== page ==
Signals, Signals everywhere

Signals, Signals everywhere

An explainer in the dawn of a new era as Web Frameworks converge

After decades of JavaScript Wild West exploration with countless frameworks and libraries left in the dust, the recent emergence of Signals is the best thing to happen since ES5. If you are unsure about what Signals are and why they're important, it's time to learn.

The Problem

All JavaScript frameworks essentially try to solve one single challenge at their core: "keeping the UI in sync with the state" (see The deepest reason why modern JavaScript frameworks exist). One way or another, we need to update our visual interface every time the state changes, something React describes as UI = fn(state).

Vanilla JavaScript only gives us rudimentary, imperative APIs to achieve that. The complexity of an interactive website rapidly grows beyond what is reasonably maintainable without the use of third-party libraries and frameworks. They provide structured ways to declaratively define our views and manage state. The synchronisation itself we can leave to the frameworks. Each framework proposed a new or slightly different way to make our UI reactive, while still providing good developer experience. Angular uses a conservative change detection algorithm, React introduced the virtual DOM, and Svelte analyses dependencies at build time through a compiler.

All these approaches have their advantages and drawbacks. In any case, learning a new framework can be tough as it means learning entirely new concepts. In-depth Angular knowledge is only vaguely transferrable to writing React applications.

But thanks to Signals, this could change forever! They've already revolutionised the game.

The Conquest of Signals

Solid combined the best of many frameworks. It leverages the power of a compiler like Svelte. They've adopted React's philosophy of unidirectional data flow and composition. But for one significant feature, Solid's creator Ryan Carniato went further back in time and took inspiration from Knockout.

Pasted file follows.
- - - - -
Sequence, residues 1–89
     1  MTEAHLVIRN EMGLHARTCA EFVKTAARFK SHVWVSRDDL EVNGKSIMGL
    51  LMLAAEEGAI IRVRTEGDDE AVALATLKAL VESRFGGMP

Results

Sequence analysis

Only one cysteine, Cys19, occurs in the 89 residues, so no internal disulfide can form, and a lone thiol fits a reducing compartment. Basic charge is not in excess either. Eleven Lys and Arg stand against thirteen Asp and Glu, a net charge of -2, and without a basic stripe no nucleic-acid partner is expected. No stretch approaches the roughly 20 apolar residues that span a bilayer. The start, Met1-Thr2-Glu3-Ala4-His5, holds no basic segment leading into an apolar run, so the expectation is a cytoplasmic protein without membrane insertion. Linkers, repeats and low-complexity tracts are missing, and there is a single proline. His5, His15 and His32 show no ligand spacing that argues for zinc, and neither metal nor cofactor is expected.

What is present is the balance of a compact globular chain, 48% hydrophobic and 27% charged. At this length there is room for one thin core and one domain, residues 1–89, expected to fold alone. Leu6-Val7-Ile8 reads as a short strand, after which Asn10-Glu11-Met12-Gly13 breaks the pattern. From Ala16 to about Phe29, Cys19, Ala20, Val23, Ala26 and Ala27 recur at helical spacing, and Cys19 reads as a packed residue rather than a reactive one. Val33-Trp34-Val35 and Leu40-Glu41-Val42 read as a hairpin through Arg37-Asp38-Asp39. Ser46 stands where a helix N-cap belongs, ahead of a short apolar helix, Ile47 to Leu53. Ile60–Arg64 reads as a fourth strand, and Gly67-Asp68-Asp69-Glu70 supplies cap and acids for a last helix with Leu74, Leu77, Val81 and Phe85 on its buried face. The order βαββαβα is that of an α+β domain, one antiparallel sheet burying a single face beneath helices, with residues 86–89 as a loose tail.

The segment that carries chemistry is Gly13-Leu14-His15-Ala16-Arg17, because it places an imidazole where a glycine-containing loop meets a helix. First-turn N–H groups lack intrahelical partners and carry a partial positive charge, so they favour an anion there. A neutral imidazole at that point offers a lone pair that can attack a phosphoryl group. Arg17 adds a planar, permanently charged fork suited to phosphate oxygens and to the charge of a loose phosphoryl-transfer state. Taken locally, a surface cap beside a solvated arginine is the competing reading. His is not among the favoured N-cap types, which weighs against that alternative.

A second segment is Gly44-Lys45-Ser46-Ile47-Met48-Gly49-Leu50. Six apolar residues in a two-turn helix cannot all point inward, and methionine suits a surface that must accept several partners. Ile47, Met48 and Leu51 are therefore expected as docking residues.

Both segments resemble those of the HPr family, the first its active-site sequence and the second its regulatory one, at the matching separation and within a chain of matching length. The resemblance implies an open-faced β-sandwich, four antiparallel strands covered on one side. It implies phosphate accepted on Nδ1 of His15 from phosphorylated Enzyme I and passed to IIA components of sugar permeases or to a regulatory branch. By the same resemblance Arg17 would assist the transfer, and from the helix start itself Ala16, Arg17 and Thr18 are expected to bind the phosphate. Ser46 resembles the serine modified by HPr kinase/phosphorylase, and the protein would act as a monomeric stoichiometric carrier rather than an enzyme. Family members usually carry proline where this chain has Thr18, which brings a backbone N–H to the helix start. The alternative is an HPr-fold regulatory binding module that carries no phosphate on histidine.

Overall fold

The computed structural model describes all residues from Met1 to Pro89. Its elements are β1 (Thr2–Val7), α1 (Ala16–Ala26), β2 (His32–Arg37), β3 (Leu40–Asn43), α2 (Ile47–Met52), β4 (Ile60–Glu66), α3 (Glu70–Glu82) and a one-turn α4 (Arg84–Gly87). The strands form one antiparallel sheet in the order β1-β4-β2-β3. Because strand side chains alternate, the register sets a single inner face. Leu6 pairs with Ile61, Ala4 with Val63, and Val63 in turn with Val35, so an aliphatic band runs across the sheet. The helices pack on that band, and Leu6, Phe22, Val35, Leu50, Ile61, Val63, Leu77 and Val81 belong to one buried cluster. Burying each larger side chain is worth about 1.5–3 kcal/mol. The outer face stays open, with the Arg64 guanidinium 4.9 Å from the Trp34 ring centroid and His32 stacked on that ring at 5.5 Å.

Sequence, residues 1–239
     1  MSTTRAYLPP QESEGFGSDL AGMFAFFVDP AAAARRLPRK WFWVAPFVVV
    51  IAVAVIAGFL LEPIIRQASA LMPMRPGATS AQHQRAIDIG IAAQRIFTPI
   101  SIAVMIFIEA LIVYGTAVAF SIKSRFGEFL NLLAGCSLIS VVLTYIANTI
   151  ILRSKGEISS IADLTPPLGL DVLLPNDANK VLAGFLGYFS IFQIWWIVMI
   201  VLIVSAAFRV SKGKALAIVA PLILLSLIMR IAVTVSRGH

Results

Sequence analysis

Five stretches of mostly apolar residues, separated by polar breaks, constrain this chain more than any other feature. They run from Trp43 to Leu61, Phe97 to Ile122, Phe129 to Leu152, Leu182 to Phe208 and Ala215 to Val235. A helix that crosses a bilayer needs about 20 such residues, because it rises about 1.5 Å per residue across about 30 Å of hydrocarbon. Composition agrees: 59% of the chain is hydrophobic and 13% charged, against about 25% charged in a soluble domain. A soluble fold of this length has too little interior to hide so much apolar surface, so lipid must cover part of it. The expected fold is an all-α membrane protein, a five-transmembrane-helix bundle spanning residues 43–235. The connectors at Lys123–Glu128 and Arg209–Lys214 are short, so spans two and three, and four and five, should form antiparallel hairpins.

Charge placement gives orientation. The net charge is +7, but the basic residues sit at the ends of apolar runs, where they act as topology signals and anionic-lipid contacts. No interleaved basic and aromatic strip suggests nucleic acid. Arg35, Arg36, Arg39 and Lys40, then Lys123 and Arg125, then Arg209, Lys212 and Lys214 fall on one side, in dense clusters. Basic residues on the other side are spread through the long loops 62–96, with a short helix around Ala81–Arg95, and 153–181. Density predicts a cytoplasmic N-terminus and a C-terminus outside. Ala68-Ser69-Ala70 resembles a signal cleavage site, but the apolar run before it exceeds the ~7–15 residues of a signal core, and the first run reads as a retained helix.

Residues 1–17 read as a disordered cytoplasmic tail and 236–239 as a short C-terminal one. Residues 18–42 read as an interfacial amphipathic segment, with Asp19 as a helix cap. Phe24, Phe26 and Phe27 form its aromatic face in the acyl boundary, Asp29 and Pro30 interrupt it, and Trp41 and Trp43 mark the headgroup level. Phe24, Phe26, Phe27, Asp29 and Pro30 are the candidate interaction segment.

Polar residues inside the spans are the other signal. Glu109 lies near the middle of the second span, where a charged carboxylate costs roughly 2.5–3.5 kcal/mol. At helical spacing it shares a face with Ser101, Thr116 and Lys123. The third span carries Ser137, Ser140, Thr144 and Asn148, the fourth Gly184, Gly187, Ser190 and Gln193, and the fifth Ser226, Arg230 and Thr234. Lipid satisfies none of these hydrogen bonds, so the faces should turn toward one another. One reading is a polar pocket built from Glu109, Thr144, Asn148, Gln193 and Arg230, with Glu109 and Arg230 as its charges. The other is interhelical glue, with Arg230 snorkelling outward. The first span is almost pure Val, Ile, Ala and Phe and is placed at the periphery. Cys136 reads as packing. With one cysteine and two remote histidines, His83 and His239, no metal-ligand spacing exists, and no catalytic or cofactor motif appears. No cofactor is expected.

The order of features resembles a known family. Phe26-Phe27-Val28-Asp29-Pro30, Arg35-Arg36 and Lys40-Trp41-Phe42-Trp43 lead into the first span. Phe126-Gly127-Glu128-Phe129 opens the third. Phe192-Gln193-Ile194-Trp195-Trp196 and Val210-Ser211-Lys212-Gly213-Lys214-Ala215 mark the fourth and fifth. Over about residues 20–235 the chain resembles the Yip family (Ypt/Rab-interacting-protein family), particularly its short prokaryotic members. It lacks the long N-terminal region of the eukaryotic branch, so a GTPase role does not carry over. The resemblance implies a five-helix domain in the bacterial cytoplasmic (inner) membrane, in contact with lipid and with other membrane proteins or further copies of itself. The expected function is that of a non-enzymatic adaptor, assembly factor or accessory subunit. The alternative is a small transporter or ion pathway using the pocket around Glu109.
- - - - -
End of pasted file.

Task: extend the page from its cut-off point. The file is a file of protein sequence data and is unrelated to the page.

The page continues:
Released back in 2010, Knockout presented a reactivity concept they called "observables". Knockout describes them as "special JavaScript objects that can notify subscribers about changes, and can automatically detect dependencies". The examples might look surprisingly familiar for their age:

function AppViewModel() {
    this.firstName = ko.observable('Bob');
    this.lastName = ko.observable('Smith');
    this.fullName = ko.pureComputed(function() {
        return this.firstName() + " " + this.lastName();
    }, this);

Compare this to Signals in Solid:

function App() {
    const [firstName, setFirstName] = createSignal('Bob');
    const [lastName, setLastName] = createSignal('Smith');
    const fullName = createMemo(() => `${firstName()} ${lastName()}`);

If we only look at the surface, it seems like the progress of web development in over a decade has been insignificant. Which of course is not true. But using fine-grained reactivity is certainly a comeback – and it's a strong one. Aside from React, all major frameworks have now introduced Signals or a similar concept.

As Ryan Carniato described in his article The Quest for ReactiveScript in 2021, there are commonly three types of reactivity:

  • Reactive State: Signal, Observable, Ref
  • Derived Values: Memo, Computed
  • Side Effects: Effect, Watch, Reaction, Autorun

The following table is an overview of how the implementation of these types is called in their respective framework.

FrameworkSignals sinceReactive StateDerived ValuesSide Effect
Svelte2016writable/readablederived– (reactive statements)
Svelte 52024$state$derived$effect

Solid made Signals the talk of the town and has done the web community a big favour. For the first time, we have a robust, coherent, somewhat standardised approach for reactive user interfaces across multiple frameworks. The web is converging a little. Signals have become transferrable knowledge, making it easier and faster to learn a different technology. Which brings us – finally – to the question: what are they?